Scanning the data visualization, it’s evident that 54 percent of the scheduled two-hour appointments during the time period ran long. With an insight like this, the center can re-examine all of its appointment types scheduled for two hours and determine if there is a subset of appointments that consistently run long. If so, the center can then evaluate whether scheduling that subset of appointments for three hours would more positively affect chair utilization and infusion center effectiveness.
Similar analyses can be conducted for other variables, including time of day. In the graph, below, the different shades of blue indicate cycle time completion; light blue represents appointments that ran short, medium blue represents appointments that fell within range, and dark blue indicates appointments that ran long.
The graph shows a high degree of variability, both long and short, at the beginning of the day, and the 9:00 am time slot shows 35 percent of those appointments ran long. With this information, managers can begin to investigate more thoroughly their specific guidelines around scheduling particular treatment types or patients during early morning hours.
You’ve read through the analysis of two variables, and diving deep on any one particular variable delivers valuable insights. However, true actionable insights are developed when an infusion center can programatically dive deep across the entire spectrum of possible variables. Doing so uncovers opportunities to improve the entire systemic process and not just one component or subsystem.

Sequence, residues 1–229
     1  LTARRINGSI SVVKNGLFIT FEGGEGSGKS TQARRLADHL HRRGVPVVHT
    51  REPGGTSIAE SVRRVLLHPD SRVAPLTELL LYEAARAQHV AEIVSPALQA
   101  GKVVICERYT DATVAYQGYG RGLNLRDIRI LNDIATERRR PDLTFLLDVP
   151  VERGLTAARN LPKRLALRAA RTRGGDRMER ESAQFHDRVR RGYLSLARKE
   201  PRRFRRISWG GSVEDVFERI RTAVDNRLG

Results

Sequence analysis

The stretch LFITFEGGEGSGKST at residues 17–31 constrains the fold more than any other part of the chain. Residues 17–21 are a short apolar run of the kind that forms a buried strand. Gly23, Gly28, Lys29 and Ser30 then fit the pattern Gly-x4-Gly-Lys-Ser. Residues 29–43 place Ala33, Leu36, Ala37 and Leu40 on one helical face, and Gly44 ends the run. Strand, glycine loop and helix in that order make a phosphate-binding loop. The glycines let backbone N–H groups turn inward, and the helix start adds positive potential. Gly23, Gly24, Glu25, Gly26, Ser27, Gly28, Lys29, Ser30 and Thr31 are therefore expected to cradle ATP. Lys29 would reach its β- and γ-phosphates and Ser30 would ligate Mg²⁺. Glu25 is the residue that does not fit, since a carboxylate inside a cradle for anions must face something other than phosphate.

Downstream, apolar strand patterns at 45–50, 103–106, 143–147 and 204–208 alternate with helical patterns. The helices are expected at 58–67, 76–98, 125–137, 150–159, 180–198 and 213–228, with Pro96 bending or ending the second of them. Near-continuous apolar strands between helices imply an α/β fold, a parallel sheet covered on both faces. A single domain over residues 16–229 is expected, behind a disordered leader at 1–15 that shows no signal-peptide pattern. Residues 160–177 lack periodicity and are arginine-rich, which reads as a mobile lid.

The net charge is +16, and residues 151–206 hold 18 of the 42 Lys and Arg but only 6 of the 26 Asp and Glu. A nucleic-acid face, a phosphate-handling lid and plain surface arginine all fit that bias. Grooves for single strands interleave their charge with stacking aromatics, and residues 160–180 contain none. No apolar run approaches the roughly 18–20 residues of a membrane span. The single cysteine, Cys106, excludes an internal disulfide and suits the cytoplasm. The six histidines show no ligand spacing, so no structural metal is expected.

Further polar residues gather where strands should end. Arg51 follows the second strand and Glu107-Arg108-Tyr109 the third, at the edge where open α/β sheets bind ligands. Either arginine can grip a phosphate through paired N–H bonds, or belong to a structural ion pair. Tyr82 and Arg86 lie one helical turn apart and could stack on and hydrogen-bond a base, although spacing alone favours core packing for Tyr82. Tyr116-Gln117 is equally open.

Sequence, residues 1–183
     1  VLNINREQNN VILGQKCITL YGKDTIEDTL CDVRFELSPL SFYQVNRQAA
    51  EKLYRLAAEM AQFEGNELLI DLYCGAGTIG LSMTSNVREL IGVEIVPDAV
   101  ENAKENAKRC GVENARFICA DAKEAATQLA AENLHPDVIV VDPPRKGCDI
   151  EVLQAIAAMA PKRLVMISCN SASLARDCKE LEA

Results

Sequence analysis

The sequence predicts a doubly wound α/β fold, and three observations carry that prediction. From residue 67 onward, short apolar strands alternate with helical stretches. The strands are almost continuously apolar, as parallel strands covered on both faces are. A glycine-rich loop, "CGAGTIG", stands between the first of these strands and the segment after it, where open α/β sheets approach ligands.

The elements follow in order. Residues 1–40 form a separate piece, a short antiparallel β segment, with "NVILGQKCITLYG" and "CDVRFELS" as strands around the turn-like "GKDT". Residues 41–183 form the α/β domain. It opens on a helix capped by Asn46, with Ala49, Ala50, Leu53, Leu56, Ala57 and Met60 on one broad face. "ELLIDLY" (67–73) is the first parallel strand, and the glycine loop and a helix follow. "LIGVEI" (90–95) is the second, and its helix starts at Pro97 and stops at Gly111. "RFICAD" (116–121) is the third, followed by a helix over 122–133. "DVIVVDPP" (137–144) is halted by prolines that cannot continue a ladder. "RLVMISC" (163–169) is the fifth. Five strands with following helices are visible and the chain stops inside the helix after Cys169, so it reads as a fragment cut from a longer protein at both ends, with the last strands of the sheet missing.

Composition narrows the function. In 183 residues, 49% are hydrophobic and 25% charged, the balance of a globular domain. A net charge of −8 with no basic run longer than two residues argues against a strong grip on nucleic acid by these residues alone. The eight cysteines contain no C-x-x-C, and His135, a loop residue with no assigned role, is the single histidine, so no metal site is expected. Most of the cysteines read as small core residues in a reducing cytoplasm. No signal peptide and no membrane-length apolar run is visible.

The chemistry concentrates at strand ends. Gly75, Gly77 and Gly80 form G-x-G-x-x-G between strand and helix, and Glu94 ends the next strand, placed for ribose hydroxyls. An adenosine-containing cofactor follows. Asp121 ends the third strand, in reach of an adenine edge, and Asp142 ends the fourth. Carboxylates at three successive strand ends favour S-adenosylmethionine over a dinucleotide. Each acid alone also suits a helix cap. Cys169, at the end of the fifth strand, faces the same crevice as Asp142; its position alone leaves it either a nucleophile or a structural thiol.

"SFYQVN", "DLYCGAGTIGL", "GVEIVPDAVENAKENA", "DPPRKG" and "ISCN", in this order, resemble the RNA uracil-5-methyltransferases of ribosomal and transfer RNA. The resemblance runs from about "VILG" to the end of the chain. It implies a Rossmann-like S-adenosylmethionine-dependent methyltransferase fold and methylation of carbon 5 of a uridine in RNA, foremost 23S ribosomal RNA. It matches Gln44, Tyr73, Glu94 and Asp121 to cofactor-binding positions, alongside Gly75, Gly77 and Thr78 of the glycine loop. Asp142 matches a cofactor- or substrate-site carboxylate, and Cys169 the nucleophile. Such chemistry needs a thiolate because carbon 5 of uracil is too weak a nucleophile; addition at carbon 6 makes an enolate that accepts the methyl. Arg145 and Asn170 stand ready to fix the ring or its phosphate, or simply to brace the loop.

Leveraging predictive analytics
As introduced, there are a multitude of ways to examine cycle times to develop some of the root causes of variability. However, the variety of factors and variables demonstrate the difficulty of conducting analysis through visual inspection alone, especially in uncovering hidden data trends that are driving variability in cycle time.
Analytics solutions like iQueue for Infusion Centers leverage machine learning to better predict an infusion center’s cycle times by taking into account every one of the factors covered above and more, including those data gems that are so often included in free-text notes fields on a patient’s record. To learn more, watch the on-demand webinar “ Data Driven Management of Infusion Centers”.
Utilizing predictive analytics solutions to accurately determine estimated cycle times unlocks more precise strategies for chair utilization, and that ultimately empowers the center to deliver more efficient and more effective care for its patients. For more information about how to maximize the allocation of your center’s resources by better understanding your patients’ cycle times, please watch the webinar on demand, “The Long & the Short of It: Understanding the Time Your Patients Spend in the Infusion Center.”